A few years ago one of my co-workers came to my office to ask a question, and I noticed she was pulling at her sleeves.
“Is there something wrong with your sweater?” I asked.
“No,” she said, “It’s just that it’s made of angora, and angora makes me itch.”
“Do you think you might be allergic?” I asked.
“I know I am,” she replied, “It’s just I have a lot of cashmere and angora sweaters and I always forget about my allergy when I’m getting dressed in the morning.”
“If you know you can’t wear it,” I asked, “Why do you still own it?”
She frowned and furrowed her brow. “It was so expensive!” she said.
This is a sentiment that I have both heard – and suffered from – way too often. Sometimes we have things we know we should get rid of, but it’s hard to part with them because we still remember how much they cost in the first place.
When an item costs a lot of money, we feel compelled to get our money’s worth. All else being equal, it is logical to get as much use out of our possessions as possible. But not all possessions are equal. For my coworker, wearing the sweaters had become an unpleasant experience, one that she would avoid whenever she remembered to do so. As such, the sweaters no longer had any personal value to her at all, regardless of how much value the market placed on them or how much they cost originally.
In this world there are plenty of items that have monetary value in the market but no value to certain individuals. Lawn mowers have clear monetary value, but are generally of no value to apartment-dwellers. Diabetic test strips are not valuable to people without diabetes. Tampons are of little direct value to people who don’t menstruate.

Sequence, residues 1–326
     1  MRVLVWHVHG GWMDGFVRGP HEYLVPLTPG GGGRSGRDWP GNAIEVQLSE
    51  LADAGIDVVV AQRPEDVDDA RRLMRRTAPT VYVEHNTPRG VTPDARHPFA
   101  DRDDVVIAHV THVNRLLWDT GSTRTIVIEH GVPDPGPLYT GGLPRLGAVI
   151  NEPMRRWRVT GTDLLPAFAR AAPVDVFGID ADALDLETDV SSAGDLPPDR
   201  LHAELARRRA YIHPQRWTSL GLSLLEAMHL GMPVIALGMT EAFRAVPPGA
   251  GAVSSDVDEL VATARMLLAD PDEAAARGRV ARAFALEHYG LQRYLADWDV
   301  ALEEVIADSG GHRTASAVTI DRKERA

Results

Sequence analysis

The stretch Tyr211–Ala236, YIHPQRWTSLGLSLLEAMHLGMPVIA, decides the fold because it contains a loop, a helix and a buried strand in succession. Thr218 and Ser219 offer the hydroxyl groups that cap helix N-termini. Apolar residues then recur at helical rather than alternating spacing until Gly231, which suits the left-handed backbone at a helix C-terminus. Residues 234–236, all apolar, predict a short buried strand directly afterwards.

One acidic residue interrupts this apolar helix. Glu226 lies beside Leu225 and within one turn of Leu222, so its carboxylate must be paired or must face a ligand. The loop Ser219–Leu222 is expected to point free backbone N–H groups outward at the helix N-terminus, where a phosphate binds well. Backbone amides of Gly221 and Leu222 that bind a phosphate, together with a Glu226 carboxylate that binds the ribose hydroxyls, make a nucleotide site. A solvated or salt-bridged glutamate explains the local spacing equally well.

An object that sits in a box in your closet and makes you feel bad is of no value to you. It doesn’t matter if it used to be of value, or if you thought it might be, or if other people would say it’s valuable. If you aren’t using it or enjoying it in anyway, the value to you is zero. That is true even if you spent a lot of money to acquire it. The money is gone, no different than if you’d spent it on a fancy dinner or gambled it away. If you are done using it, you are not getting more of your money’s worth by keeping it around.
What’s more, objects like this tend to have a value of even less than zero, because you have to store them or clean them or simply deal with the regular reminder of that money you spent. They cost time and effort just by staying in your home. Let the local thrift shop make some money off these items – all they are doing is costing you more.
One hesitation people often have with expensive items is the desire to sell them and recoup some of the cost. I understand this desire, and there are times when it makes sense. But most of the time you will struggle to find a buyer willing to pay even half of what you paid originally. Add in the work to photograph and post the listing, the cost of shipping or delivery, and the general headache of dealing with it, and you are throwing even more resources at an item that already cost you a lot. What’s more, the notion of “I’m going to sell that” is usually how items stick around in some forgotten corner of your house, constantly nagging at you to put more work into them.
Go through your home and find any items you are keeping simply because they cost you a lot to begin with. Acknowledge that the item probably gave you a certain amount of joy at one point, and that it also taught you something about yourself and how you want to spend your money. Maybe even thank it, KonMari style. If you really want to try selling the item, mark a date on your calendar a month from now. You have one month to get this item out of your house. If you can’t sell it in that time, let it go.